Common side effects of acute mercuric chloride poisoning include burning sensations in the mouth and throat, stomach pain, abdominal discomfort, lethargy, vomiting of blood, corrosive bronchitis, severe irritation to the gastrointestinal tract, and kidney failure. Chronic exposure can lead to symptoms more common with mercury poisoning, such as insomnia, delayed reflexes, excessive salivation, bleeding gums, fatigue, tremors, and dental problems.

Acute exposure to large amounts of mercuric chloride can cause death in as little as 24 hours, usually due to acute kidney failure or damage to the gastrointestinal tract. In other cases, victims of acute exposure have taken up to two weeks to die.[38]


  1. ^ a b Zumdahl, Steven S. (2009). Chemical Principles 6th Ed. Houghton Mifflin Company. p. A22. ISBN 978-0-618-94690-7.
  2. ^ a b c Chisholm, Hugh, ed. (1911). "Corrosive Sublimate" . Encyclopædia Britannica. Vol. 7 (11th ed.). Cambridge University Press. p. 197.
  3. ^ Wells, A.F. (1984) Structural Inorganic Chemistry, Oxford: Clarendon Press. ISBN 0-19-855370-6.
  4. ^ Matthias Simon, Peter Jönk, Gabriele Wühl-Couturier, Stefan Halbach "Mercury, Mercury Alloys, and Mercury Compounds" in Ullmann's Encyclopedia of Industrial Chemistry 2006: Wiley-VCH, Weinheim. doi:10.1002/14356007.a16_269.pub2
  5. ^ Deng, James; Wang, Yu-Pu; Danheiser, Rick L. (2015). "Synthesis of 4,4-Dimethoxybut-1-yne". Organic Syntheses. 92: 13–25. doi:10.15227/orgsyn.092.0013.
  6. ^ Foreman, W. T.; Zaugg, S. D.; Faires, L. M.; Werner, M. G.; Leiker, T. J.; Rogerson, P. F. (1992). "Analytical interferences of mercuric chloride preservative in environmental water samples: Determination of organic compounds isolated by continuous liquid-liquid extraction or closed-loop stripping". Environmental Science & Technology. 26 (7): 1307. Bibcode:1992EnST...26.1307F. doi:10.1021/es00031a004.
  7. ^ Kraus, Paul (1942–1943). Jâbir ibn Hayyân: Contribution à l'histoire des idées scientifiques dans l'Islam. I. Le corpus des écrits jâbiriens. II. Jâbir et la science grecque. Cairo: Institut Français d'Archéologie Orientale. ISBN 9783487091150. OCLC 468740510. vol. II, pp. 41–42; Multhauf, Robert P. (1966). The Origins of Chemistry. London: Oldbourne. OCLC 977570829. pp. 141-142.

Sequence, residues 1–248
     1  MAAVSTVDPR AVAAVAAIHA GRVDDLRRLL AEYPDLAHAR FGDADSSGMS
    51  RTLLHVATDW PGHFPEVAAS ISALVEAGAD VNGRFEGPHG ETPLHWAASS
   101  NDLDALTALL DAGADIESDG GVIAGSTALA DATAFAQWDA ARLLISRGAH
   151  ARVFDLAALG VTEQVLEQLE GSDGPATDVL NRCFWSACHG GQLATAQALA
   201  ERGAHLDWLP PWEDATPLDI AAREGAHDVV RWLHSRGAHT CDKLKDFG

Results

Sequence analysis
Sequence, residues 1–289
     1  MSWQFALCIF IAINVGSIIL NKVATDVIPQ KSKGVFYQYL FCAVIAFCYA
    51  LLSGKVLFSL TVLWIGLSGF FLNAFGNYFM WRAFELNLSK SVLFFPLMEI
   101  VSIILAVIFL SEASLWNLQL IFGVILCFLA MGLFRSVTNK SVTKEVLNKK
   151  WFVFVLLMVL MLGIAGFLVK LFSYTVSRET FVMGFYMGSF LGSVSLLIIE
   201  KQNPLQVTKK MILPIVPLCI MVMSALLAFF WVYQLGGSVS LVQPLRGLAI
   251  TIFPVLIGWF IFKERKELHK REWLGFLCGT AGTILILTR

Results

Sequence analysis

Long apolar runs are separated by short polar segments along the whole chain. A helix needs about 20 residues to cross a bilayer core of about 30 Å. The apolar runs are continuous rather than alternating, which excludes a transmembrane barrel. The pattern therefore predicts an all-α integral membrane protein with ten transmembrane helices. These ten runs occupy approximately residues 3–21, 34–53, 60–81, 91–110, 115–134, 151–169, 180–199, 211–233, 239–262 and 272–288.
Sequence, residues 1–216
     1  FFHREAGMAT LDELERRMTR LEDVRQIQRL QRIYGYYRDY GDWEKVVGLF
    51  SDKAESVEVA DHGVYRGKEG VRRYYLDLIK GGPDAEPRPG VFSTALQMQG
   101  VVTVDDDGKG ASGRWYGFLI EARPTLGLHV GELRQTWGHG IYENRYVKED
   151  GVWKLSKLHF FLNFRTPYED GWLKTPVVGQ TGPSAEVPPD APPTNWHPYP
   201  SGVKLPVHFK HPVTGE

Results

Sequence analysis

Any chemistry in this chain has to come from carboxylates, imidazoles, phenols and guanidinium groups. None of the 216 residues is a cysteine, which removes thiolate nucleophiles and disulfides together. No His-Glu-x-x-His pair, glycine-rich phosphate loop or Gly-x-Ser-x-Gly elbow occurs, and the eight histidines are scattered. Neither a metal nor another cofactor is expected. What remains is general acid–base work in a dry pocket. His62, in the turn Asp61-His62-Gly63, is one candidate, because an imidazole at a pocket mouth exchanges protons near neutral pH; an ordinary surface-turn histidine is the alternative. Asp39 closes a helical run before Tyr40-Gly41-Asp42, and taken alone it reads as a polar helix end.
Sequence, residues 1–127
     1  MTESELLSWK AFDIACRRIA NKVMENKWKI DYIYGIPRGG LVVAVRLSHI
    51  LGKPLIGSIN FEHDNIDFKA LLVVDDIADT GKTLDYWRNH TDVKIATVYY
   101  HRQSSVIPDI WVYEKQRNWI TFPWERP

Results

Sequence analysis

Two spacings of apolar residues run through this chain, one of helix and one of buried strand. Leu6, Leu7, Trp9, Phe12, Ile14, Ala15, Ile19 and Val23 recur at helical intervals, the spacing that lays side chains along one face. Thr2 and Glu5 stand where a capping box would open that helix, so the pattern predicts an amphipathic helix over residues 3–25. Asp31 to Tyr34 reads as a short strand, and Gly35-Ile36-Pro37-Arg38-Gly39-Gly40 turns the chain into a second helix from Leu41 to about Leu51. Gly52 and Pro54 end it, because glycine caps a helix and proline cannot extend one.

8. ^ Stapleton, Henry E.; Azo, R.F.; Hidayat Husain, M. (1927). "Chemistry in Iraq and Persia in the Tenth Century A.D." Memoirs of the Asiatic Society of Bengal. VIII (6): 317–418. OCLC 706947607. p. 333. The relevant recipe reads as follows: "Take equal parts of sweet salt, Bitter salt, Ṭabarzad salt, Andarānī salt, Indian salt, salt of Al-Qilī, and salt of Urine. After adding an equal weight of good crystallised Sal-ammoniac, dissolve by moisture, and distil (the mixture). There will distil over a strong water, which will cleave stone (sakhr) instantly." (p. 333) For a glossary of the terms used in this recipe, see p. 322. German translation of the same passage in Ruska, Julius (1937). Al-Rāzī's Buch Geheimnis der Geheimnisse. Mit Einleitung und Erläuterungen in deutscher Übersetzung. Quellen und Studien zur Geschichte der Naturwissenschaften und der Medizin. Vol. VI. Berlin: Springer. p. 182, §5. An English translation of Ruska 1937's translation can be found in Taylor, Gail Marlow (2015). The Alchemy of Al-Razi: A Translation of the "Book of Secrets". CreateSpace Independent Publishing Platform. ISBN 9781507778791. pp. 139–140.
  9. ^ Multhauf 1966, p. 142, note 79.
  10. ^ Multhauf 1966, pp. 160–163. On the De aluminibus et salibus, see further Ferrario, Gabriele (2004). "Il Libro degli allumi e dei sali: status quaestionis e prospettive di studio". Henoch. 26 (3): 275–296., Ferrario, Gabriele (2007). "Origins and Transmission of the Liber de aluminibus et salibus". In Principe, Lawrence (ed.). Chymists and Chymistry: Studies in the History of Alchemy and Early Modern Chemistry. Sagamore Beach: Science History Publications. pp. 137–148. See also more briefly Ferrario, Gabriele (2009). "An Arabic Dictionary of Technical Alchemical Terms: MS Sprenger 1908 of the Staatsbibliothek zu Berlin (fols. 3r–6r)". Ambix. 56 (1): 36–48. doi:10.1179/174582309X405219. PMID 19831258. S2CID 41045827. pp. 40–43, and the sources cited in Ferrario 2009, p. 38, note 5. See also Moureau, Sébastien (2020). "Min al-kīmiyāʾ ad alchimiam. The Transmission of Alchemy from the Arab-Muslim World to the Latin West in the Middle Ages". Micrologus. 28: 87–141. hdl:2078.1/211340. pp. 106–107.